Saturday, December 7, 2013

General George Patton Museum, Fort Knox, Kentucky

We visited the George Patton Museum of Leadership located on the Fort Knox base. Drove by the actual Fort Knox where all the gold is stored, but did not have time to stop in there. The George Patton Museum of Leadership is the U.S. Army's only museum dedicated to the history of Army leadership at all levels and ranks. It operated as the Patton Museum of Cavalry and Armor from 1949-2010, when it began transformation to its new theme and storyline.


Today's museum devotes 33,000 square feet of space to exhibits covering topics as varied as Army history since 1775 and recent operations including Afghanistan and Iraq. Other immersive and interactive exhibits using the latest technology cover leadership in the Civil War, the World Wars, Korea and Vietnam. The famous General George C. Patton, Jr. collection is featured throughout the museum, including many artifacts that are on exhibit for the first time. The museum also features exhibits on the Army's peacetime operations, training and recruiting. Outdoor exhibits include several historic armored vehicles, Armor Memorial Park, and a restored WWII Barracks.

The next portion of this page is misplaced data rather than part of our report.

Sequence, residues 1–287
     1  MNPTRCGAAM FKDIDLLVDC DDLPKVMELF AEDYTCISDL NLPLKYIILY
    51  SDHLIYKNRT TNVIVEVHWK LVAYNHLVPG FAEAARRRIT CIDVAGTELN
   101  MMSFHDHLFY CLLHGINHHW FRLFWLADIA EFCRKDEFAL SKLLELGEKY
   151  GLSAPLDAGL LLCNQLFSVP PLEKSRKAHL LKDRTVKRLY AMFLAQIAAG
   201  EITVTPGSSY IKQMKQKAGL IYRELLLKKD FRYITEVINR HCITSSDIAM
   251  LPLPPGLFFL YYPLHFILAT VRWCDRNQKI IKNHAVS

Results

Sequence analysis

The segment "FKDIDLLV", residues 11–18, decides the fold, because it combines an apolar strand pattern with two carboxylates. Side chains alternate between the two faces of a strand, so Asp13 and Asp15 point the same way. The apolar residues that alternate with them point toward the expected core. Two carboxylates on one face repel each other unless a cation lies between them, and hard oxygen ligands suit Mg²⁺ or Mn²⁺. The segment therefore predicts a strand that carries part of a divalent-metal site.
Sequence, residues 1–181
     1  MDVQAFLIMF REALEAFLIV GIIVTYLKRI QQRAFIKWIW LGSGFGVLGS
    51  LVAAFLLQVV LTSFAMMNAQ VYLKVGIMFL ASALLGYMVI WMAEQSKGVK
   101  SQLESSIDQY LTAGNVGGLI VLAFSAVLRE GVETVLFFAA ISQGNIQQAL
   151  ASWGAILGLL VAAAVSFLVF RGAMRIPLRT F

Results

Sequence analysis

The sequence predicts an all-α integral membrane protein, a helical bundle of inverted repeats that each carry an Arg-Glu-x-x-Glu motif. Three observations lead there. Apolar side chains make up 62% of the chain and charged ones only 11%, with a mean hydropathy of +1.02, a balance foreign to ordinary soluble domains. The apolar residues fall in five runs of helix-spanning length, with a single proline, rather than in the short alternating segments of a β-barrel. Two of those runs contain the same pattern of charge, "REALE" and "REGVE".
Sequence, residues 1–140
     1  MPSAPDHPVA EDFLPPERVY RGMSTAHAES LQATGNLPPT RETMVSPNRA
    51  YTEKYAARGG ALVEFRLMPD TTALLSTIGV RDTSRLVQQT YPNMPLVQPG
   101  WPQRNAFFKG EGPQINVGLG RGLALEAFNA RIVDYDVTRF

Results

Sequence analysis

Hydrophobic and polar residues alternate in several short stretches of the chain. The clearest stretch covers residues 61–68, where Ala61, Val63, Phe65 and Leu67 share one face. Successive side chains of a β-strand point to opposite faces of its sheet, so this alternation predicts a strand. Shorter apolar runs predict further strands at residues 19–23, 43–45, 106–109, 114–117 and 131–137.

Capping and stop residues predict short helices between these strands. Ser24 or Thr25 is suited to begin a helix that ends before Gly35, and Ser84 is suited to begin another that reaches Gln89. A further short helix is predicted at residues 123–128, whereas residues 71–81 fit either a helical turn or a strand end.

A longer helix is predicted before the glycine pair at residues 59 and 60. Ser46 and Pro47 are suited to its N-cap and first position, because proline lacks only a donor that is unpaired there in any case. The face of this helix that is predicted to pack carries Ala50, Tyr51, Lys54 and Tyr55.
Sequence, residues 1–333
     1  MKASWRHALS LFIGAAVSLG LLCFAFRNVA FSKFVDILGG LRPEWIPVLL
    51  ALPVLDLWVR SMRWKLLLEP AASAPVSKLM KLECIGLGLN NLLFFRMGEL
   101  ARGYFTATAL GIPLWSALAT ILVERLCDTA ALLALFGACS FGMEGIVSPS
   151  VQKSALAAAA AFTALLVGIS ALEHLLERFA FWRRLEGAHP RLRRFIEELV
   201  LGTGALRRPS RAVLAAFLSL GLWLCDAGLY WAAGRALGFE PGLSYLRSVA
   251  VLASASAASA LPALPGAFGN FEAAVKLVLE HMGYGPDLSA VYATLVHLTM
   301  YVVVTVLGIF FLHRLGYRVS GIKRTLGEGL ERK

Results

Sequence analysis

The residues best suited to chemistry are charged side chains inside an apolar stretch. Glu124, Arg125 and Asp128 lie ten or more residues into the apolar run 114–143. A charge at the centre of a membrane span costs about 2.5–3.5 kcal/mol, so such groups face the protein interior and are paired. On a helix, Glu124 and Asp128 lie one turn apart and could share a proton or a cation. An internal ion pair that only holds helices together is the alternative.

The General George Patton Museum of Leadership is the only museum dedicated to telling the history of Army leadership. Through a multi-year transformation, the museum will use the latest technology to bring its artifacts to life and tell the stories of leaders at all levels from corporal to general. The Museum will not only tell the enduring story of General Patton's life-long study of history and human character; it will also tell visitors about the importance of the human element in war and peace and how leadership makes the difference. The Museum also collects, preserves, interprets and exhibits artifacts related to the history of Fort Knox from 1918 to the present, plus the story of Army recruiting, and the history of the Reserve Officer's Training Corps.







Background, beliefs, education and experience shapes character. Becoming a person of character is a life-long process. To some extent, everyone is responsible for their own character development, but leaders are responsible for encouraging, supporting and assessing the efforts of others. Doing the right thing is good, but doing the right thing for the right reason with the right goal is better and promotes an ethical climate. 





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